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Report on the burden of constipation in our ageing population


18 September, 2013  
A new report The Burden of Constipation in our Ageing Population – Working Towards Better Solutions uncovers for the first time, the true scale of the problem of chronic constipation in adults over the age of 65.
A group of experts has analysed all publicly available European evidence and the alarming results show how this condition is under-estimated, under-treated and overlooked.
The report reveals how chronic constipation, be it functional or secondary to identifiable causes, affects as much as 80% of the older adult population living in care homes and one in five adults aged over 65 years in the community.(1-3) If left untreated, it can result in serious medical consequences, such as faecal impaction, a condition where retention of solid faeces prevents normal evacuation. Faecal impaction can affect up to 50% of older adults in hospital wards or care homes and can lead to faecal incontinence.(4-6) The research included in the report clearly highlights how the absence of preventative strategies for constipation has a significant impact on quality of life of older people. It also illustrates the unnecessary ill-health caused through sub-optimal management of this condition and the clear unmet need to address this unacceptable problem.
The impact of constipation on quality of life is significant and comparable to that of more recognised conditions such as diabetes, osteoarthritis or osteoporosis in terms of physical and psychological impact.(7) Constipation not only results in a reduced quality of life of older adults, but is also associated with significant economic costs relating to nursing time, investigation, intervention, medication and on-going management by health and social services.(8-11) With the proportion of over-65s rising and estimated to reach 29.5% of the total population in the European Union by 2060, this situation is only set to get worse.(12)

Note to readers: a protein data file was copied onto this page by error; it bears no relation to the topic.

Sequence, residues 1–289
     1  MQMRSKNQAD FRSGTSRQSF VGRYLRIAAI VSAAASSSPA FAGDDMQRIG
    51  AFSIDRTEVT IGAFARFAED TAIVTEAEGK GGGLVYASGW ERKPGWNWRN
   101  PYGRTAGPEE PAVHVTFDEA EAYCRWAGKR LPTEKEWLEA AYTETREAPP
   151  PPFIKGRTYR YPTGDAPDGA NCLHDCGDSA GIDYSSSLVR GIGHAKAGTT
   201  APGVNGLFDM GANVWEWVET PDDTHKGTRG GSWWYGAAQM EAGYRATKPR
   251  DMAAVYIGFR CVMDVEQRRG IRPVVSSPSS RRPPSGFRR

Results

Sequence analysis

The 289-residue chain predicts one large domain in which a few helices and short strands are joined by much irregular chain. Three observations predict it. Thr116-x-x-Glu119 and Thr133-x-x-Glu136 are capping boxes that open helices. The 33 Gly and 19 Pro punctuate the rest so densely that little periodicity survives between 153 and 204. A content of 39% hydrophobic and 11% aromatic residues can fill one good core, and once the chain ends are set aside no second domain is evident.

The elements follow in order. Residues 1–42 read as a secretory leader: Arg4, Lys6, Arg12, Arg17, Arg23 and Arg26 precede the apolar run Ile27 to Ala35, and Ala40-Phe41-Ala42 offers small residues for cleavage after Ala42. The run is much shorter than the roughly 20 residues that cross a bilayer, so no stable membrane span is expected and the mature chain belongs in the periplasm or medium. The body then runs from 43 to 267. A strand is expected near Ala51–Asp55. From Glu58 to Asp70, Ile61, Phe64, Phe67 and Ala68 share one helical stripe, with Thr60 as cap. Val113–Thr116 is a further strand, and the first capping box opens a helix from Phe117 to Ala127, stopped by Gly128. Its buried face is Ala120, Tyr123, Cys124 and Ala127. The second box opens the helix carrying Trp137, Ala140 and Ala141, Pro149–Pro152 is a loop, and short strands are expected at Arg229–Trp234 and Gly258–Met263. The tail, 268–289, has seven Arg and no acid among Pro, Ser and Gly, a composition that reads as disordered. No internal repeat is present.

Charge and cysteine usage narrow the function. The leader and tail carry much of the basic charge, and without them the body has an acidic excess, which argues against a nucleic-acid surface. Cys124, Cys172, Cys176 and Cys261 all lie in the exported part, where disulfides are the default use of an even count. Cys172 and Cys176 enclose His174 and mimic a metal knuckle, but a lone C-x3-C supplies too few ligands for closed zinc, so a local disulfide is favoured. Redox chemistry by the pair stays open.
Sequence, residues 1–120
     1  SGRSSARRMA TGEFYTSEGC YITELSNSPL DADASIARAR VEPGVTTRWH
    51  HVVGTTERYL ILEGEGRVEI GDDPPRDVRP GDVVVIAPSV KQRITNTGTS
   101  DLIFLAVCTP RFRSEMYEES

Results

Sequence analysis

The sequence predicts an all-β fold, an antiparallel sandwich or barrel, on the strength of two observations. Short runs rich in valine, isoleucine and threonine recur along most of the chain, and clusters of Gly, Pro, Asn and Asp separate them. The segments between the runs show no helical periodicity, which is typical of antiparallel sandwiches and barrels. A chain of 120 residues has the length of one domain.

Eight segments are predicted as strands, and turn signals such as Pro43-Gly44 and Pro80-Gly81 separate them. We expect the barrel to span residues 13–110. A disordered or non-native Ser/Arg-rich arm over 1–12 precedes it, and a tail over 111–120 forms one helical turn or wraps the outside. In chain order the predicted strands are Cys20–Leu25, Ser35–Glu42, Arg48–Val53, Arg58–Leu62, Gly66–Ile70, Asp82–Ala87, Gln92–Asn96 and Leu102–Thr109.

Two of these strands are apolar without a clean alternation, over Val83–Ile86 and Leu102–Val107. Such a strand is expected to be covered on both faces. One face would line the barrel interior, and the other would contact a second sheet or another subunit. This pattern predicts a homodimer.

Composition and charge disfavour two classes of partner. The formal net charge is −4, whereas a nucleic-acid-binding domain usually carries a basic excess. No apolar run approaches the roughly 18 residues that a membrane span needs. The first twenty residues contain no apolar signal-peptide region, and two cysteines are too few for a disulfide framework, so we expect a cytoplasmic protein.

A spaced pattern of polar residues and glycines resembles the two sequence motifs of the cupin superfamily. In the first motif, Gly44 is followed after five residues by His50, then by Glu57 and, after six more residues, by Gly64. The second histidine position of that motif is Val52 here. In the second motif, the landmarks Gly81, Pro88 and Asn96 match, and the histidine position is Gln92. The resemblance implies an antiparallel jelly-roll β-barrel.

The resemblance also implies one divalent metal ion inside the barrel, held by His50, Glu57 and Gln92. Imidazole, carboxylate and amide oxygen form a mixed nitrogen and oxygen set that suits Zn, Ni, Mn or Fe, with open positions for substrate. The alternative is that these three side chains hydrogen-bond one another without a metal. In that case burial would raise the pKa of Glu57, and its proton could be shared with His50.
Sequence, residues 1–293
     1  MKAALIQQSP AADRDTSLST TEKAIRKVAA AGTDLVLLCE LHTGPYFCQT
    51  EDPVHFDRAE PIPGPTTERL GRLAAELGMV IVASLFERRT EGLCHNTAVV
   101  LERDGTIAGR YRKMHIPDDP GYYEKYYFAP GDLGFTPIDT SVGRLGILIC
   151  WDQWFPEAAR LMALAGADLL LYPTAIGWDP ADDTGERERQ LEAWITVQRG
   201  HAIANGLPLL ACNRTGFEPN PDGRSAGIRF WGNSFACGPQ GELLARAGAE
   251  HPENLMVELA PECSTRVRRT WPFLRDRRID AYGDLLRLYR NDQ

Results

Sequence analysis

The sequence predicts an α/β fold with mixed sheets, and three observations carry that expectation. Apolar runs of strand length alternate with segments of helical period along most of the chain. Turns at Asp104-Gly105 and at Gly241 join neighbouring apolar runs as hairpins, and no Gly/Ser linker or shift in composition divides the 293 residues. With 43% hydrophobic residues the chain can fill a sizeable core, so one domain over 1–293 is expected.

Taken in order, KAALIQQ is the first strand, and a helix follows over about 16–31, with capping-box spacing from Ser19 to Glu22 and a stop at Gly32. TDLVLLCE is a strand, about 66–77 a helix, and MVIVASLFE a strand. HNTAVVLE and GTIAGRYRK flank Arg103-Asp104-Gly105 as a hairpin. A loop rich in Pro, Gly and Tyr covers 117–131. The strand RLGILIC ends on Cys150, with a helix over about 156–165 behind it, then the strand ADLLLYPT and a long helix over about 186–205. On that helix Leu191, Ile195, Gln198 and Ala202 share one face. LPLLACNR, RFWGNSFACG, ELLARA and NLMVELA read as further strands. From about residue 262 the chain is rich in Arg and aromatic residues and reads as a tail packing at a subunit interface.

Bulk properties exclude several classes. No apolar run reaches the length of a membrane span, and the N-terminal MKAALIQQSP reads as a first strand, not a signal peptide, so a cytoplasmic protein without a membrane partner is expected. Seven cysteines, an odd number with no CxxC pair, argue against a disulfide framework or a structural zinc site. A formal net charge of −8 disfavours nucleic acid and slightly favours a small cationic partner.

The experts reached and issued a six key priority consensus with practical recommendations that they believe will make a positive and immediate difference to the way chronic constipation in older adults living in care homes or the community is diagnosed and treated:
1. Functional constipation should not be underestimated or trivialised and should not simply be considered as an inevitable consequence of ageing or frailty
2. Chronic constipation should be classified and recognised as a condition in its own right, not just a set of symptoms associated with other disorders
3. Recognition and awareness of the typical symptoms and causes of constipation, as well as understanding how to effectively prevent and treat it, should be a training priority across the whole multi-disciplinary team and for social care professionals working with older people
References
  1. Potter J and Wagg A, ‘Management of bowel problems in older people: an update’, Clin Med, 2005, vol. 5, no. 3, pp. 289-95.
  2. Talley N, ‘Definitions, epidemiology, and impact of chronic constipation’ Rev Gastroenterol Disord, 2004, 4 Suppl 2:S3-S10.
  3. Bosshard W, Dreher R, Schnegg J et al. ‘The treatment of chronic constipation in elderly people. An update’, Drugs Aging, 2004, vol. 21, no. 14, pp. 911-30.
  4. Barcelo M, Garcia-Sanchez R, Diaz-Rubio M, et al. ‘Prevalence of fecal impaction among residents in nursing homes in Spain and associated factors’, Gastroenterology, 2012, vol. 142, no. 5, pp. 445-46.
  5. Spinzi G, ‘Bowel care in the elderly’, Dig Dis, 2007, vol. 25, pp. 160-65.
  6. Stevens T, Soffer E and Palma R, ‘Fecal incontinence in elderly patients: Common, treatable, yet often undiagnosed’, Cleveland Clinic J Med, 2003, vol. 70, no. 5, pp. 441-8.
  7. Belsey J, Greenfield S, Candy D et al. ‘Systematic review: impact of constipation on quality of life in adults and children’, Aliment Pharmacol Ther, 2010, vol. 31, pp. 938-49.
  8. Norton C, ‘Constipation in older patients’, Brit J Nurs, 2006, vol. 15, no. 4, pp. 188-92.
  9. Addison R, Davies C, Haslam D et al. ‘A national audit of chronic constipation in the community’, Nursing Times, 2003, vol. 99, no. 11, pp. 34-35.
  10.  Larkin P, Sykes N, Centeno C, et al. ‘The management of constipation in palliative care: clinical
  11. practice recommendations’ Palliat Med, 2008, vol. 22, no. 7, pp. 796-807. Hosia-Randell H, Suominen M, Muurinen S et al. ‘Use of laxatives among older nursing home residents in Helsinki, Finland’, Drugs Aging, 2007, vol. 24, no. 2, pp. 147-54.
  12. EUROSTAT European Commission, Population structure and ageing, 2012, retrieved 19 April 2013, http://epp.eurostat.ec.europa.eu/statistics_explained/index.php/Populati… ageing#Future_trends_in_population_ageing.